Colour memory is important

August 2021

Some of what you’ll see about botanical art on social media can be misleading or confusing. Most of the time I ignore it, but recently a post about colour crossed a line and it was time to correct a few misconceptions and share some important colour information.

I was so astonished at how much interest and how many supportive comments my post on Instagram drew that I decide to repeat it here, slightly shortened and edited.

Time to SHARE a few things and correct some inaccurate perceptions. I am not known for brevity so will break this up over a few IG postings.

Let me start by asking if you have colour memory?  Is it important for a botanical artist to have colour memory? I believe it is and therefore it’s a core element in what I teach about colour. The great Ferdinand Bauer(and his brother Franz) had finely-tuned colour memory and, contrary to many recent theories, did not work with colour charts past their early learning years with Father Boccius. The full story is a topic for a post of its own though.

Do I require artists who study with me to paint colour charts? Heck no . . . I find them seriously boring personally but I fully respect the choice of many teachers who do choose to use them when teaching beginners how to blend different pigments. There are also multiple other ways to help beginners and even intermediate artists understand colour better. And indeed there are no books of rules for colour instruction . . . well none that I know about.

One of the main reasons I do not use colour charts is because they are laborious and typically show the blending of two (or more pigments) in a single wash. In botanical art very little is expressed in a single painted layer—brilliance of colour as well as subtle value transition always involve more than one wash.

 So what are these circles of colour I often share on social media? Well for a start they are not colour-in or stay-inside-the-lines-exercises as suggested by some, though perhaps they could be useful for exercises in tighter brush control for newcomers. Instead, they are in fact my own personal method developed for testing watercolour pigment and helping artists develop their own working palette.  (I never impose my own palette).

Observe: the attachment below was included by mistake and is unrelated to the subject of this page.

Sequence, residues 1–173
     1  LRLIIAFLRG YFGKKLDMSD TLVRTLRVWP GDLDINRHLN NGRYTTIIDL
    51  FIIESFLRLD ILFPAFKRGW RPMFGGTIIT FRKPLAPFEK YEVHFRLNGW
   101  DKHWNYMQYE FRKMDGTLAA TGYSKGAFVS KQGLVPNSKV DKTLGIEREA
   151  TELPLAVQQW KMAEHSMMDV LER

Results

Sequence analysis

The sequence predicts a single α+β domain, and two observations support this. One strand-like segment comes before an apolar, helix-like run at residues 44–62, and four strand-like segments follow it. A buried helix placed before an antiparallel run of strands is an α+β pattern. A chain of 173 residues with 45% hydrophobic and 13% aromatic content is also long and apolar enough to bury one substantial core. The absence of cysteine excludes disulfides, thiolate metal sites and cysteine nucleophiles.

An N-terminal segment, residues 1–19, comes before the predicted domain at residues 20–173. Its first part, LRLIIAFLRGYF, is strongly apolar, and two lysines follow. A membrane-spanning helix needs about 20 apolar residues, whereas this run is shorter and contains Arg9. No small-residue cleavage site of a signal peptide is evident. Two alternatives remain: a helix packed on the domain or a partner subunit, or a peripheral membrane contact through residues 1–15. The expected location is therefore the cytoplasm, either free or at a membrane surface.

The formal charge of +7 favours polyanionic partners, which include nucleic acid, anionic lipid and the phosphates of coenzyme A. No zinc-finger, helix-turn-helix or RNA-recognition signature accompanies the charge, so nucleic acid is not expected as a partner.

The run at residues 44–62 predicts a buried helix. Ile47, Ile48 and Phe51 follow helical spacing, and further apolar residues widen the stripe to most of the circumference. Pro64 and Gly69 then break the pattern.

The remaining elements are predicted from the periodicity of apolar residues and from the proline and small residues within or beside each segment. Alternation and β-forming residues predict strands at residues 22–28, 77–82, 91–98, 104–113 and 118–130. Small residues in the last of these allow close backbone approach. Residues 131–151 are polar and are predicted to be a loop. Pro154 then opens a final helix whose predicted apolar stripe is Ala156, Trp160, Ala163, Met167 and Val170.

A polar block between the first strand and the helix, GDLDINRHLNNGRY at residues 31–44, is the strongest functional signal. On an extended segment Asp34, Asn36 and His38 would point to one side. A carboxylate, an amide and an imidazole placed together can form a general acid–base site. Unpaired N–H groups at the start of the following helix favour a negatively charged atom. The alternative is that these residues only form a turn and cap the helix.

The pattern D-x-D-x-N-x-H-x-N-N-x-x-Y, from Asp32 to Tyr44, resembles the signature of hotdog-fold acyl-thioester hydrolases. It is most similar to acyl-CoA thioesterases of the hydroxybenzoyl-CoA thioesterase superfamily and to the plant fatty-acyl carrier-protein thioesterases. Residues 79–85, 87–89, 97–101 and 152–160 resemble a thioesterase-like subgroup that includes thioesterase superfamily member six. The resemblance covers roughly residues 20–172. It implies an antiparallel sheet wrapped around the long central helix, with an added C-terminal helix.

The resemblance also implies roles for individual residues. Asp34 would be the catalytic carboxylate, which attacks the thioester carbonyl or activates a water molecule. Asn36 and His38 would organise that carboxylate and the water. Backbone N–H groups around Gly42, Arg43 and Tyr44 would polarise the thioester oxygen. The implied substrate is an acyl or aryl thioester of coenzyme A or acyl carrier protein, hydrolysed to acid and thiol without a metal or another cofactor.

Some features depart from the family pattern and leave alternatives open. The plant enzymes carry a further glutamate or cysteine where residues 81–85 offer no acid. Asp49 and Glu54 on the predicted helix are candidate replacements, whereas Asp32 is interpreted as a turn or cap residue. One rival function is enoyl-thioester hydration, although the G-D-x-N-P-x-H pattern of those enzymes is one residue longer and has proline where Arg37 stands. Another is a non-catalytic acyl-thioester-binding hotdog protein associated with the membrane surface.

And yes, I do use these colour tests to help an artist develop colour memory; acquiring colour memory is incredibly useful and empowering for those new to the world of art and colour. I have proven over and over for more than thirty years that (excluding victims of colour blindness) anybody can reach a point of utilizing colour memory effectively.

Shown here is my oak leaf some of you will recognize from the ASBA tutorial book Botanical Art Techniques. The leaf is not meant to be a framed piece of art, although some students have offered to buy it. Instead, it was used in my teaching in a series of workshops on the colour GREEN and painting leaves.

I enjoy demonstrating how to closely match a natural green using at least three completely different pigment combinations. Of course the usual blue and yellow options and yes—gasp!—green pigment too! I know many superb and acclaimed artists who use “convenient” green paints and have never suffered reputation loss because of it. But knowing how to “tame” a transparent permanent green paint into a natural range is very important. 

Included here too is the ivy leaf painted by the wonderful artist, Florence Gendre, from France at the workshop I taught to a great group of artists hosted by Agathe Haevermans.

By the way, I do love both the visual beauty and the learning opportunity provided by a single flat leaf. It seems that the great Rory McEwen did too, as does Asuka Hiskihiki. I love her salad leaves!

So that’s it for sharing this time.

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